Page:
3D hand pose estimation using a wrist-worn camera
Researchers at Tokyo Institute of Technology working in collaboration with colleagues at Carnegie Mellon University, the University of St Andrews and the University of New South Wales have developed a wrist-worn device for 3D hand pose estimation. The system consists of a camera that captures images of the back of the hand, and is supported by a neural network called DorsalNet which can accurately recognize dynamic gestures. (2020-10-21)

RUDN University linguist: learning foreign language is harder for visually impaired people
A scientist from RUDN University analysed the effect of visual impairment on a person's perception of unfamiliar sounds when learning a foreign language. The experiment showed that lack of access to visual cues makes learning difficult. (2020-10-06)

Guiding light: Skoltech technology puts a light-painting drone at your fingertips
Skoltech researchers have designed and developed an interface that allows a user to direct a small drone to light-paint patterns or letters through hand gestures. The new interface, DroneLight, can be used in distant communications, entertainment, and even search and rescue: https://www.youtube.com/watch?v=SdnIqLjtGeU&feature=emb_logo (2020-09-23)

​NTU Singapore scientists develop artificial intelligence system for high precision recognition of hand gestures
Scientists from Nanyang Technological University, Singapore (NTU Singapore) have developed an Artificial Intelligence (AI) system that recognises hand gestures by combining skin-like electronics with computer vision. (2020-08-13)

3D hand-sensing wristband signals future of wearable tech
In a potential breakthrough in wearable sensing technology, researchers from Cornell University and the University of Wisconsin, Madison, have designed a wrist-mounted device that continuously tracks the entire human hand in 3D. (2020-07-20)

Owner behavior affects effort and accuracy in dogs' communications
Researchers from the Max Planck Institute for the Science of Human History and Friedrich Schiller University in Jena have found that dogs adapt their communicative strategies to their environment and that owner behavior influences communicative effort and success. Experimental results found no evidence that dogs rely on communication history or follow the principle of least effort and suggest that owner behavior has a bigger impact on canine communication than previously thought. (2020-07-06)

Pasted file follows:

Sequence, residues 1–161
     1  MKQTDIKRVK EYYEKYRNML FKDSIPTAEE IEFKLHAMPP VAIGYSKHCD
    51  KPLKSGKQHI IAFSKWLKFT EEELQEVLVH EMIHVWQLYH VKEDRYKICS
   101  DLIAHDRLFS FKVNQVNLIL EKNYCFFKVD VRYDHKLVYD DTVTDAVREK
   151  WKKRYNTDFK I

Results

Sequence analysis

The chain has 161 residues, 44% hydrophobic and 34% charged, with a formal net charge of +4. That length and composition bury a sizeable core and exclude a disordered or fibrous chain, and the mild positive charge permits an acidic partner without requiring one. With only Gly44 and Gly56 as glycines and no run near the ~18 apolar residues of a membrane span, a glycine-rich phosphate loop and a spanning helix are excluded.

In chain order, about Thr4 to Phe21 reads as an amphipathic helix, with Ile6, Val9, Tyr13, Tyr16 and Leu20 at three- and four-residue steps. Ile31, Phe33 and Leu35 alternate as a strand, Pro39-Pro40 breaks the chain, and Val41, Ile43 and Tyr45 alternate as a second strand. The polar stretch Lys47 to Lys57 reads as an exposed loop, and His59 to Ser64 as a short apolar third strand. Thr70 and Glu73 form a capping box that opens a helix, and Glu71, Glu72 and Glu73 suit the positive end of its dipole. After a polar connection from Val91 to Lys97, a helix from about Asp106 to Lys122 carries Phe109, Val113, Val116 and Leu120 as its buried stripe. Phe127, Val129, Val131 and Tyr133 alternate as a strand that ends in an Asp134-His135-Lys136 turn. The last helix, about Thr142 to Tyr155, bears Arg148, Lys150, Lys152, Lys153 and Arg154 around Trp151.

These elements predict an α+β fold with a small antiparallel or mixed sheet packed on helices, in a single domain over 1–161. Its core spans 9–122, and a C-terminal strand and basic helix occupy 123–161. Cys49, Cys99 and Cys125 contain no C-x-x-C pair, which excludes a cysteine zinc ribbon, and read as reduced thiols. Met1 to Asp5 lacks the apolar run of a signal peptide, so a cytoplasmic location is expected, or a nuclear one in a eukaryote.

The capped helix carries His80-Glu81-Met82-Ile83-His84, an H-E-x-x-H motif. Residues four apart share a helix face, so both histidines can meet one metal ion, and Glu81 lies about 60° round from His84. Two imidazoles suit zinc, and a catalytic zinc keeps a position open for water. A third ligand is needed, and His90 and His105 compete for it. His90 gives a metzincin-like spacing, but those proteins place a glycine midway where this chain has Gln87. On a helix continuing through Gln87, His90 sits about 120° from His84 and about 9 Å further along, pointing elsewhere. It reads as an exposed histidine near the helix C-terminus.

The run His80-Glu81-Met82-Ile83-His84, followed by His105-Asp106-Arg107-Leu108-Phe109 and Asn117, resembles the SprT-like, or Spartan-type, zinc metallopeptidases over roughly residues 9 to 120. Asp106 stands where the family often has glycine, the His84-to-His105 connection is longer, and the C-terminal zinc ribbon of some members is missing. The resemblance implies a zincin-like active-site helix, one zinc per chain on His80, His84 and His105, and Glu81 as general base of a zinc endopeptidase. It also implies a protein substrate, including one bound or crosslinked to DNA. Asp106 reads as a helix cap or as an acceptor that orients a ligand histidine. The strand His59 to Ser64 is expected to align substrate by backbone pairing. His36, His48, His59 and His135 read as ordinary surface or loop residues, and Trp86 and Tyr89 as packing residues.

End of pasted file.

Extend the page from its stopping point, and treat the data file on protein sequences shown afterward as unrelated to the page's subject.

Wearable-tech glove translates sign language into speech in real time
UCLA bioengineers have designed a glove-like device that can translate American Sign Language into English speech in real time though a smartphone app. Their research is published in the journal Nature Electronics. The system includes a pair of gloves with thin, stretchable sensors that run the length of each of the five fingers. These sensors, made from electrically conducting yarns, pick up hand motions and finger placements that stand for individual letters, numbers, words and phrases. (2020-06-29)

Children improve their narrative performance with the help of rhythmic gestures
Gesture is an integral part of language development. Recent studies carried out by the same authors in collaboration with other members of the Prosodic Studies Group (GrEP) coordinated by Pilar Prieto, ICREA research professor Department of Translation and Language Sciences at UPF, have shown that when the speaker accompanies oral communication with rhythmic gesture, preschool children are observed to better understand the message and improve their oral skills. (2020-06-03)

Smart textiles made possible by flexible transmission lines
EPFL researchers have developed electronic fibers that, when embedded in textiles, can be used to collect data about our bodies by measuring fabric deformation. Their technology employs flexible transmission lines and offers a host of applications, including in the medical industry. (2020-06-01)

Study on body posture: Can powerful poses improve self-confidence in children?